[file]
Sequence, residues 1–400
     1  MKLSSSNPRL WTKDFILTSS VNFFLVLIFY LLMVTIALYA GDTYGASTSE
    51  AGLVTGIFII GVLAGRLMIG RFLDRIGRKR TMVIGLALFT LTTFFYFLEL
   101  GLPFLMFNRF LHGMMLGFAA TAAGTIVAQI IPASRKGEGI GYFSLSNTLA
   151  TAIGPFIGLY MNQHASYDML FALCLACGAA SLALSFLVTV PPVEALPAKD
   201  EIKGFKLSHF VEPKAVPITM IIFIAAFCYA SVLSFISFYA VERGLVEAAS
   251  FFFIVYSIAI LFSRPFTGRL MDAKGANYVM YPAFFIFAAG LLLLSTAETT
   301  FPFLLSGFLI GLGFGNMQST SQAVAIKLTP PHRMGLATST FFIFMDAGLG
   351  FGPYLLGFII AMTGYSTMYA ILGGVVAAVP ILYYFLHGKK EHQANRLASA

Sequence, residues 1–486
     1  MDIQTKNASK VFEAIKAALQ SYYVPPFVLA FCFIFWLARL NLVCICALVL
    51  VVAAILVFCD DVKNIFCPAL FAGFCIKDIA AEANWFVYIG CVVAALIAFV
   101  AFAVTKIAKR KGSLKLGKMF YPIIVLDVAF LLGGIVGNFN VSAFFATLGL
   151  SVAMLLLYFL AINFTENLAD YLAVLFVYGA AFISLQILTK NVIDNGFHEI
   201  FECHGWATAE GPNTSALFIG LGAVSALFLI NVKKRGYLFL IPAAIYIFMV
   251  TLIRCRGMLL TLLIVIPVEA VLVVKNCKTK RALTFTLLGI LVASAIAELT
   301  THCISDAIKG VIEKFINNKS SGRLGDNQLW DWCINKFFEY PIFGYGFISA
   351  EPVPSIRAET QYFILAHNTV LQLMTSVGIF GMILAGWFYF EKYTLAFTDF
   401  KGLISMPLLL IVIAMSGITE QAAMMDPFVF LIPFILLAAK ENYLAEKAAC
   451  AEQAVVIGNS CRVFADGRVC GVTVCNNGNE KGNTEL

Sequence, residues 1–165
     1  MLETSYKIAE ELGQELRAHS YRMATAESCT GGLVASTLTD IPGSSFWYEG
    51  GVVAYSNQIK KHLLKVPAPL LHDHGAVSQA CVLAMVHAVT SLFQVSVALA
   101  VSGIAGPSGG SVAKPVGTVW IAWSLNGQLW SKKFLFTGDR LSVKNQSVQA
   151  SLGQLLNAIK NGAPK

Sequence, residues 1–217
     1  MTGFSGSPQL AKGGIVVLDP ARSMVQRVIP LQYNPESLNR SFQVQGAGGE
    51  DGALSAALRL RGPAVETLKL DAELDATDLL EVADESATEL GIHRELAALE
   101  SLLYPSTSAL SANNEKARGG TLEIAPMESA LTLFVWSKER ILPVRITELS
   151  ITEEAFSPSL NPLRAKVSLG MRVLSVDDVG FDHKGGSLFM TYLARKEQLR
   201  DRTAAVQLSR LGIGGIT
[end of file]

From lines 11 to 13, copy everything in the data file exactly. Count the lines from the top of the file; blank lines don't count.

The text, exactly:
     1  MDIQTKNASK VFEAIKAALQ SYYVPPFVLA FCFIFWLARL NLVCICALVL
    51  VVAAILVFCD DVKNIFCPAL FAGFCIKDIA AEANWFVYIG CVVAALIAFV
   101  AFAVTKIAKR KGSLKLGKMF YPIIVLDVAF LLGGIVGNFN VSAFFATLGL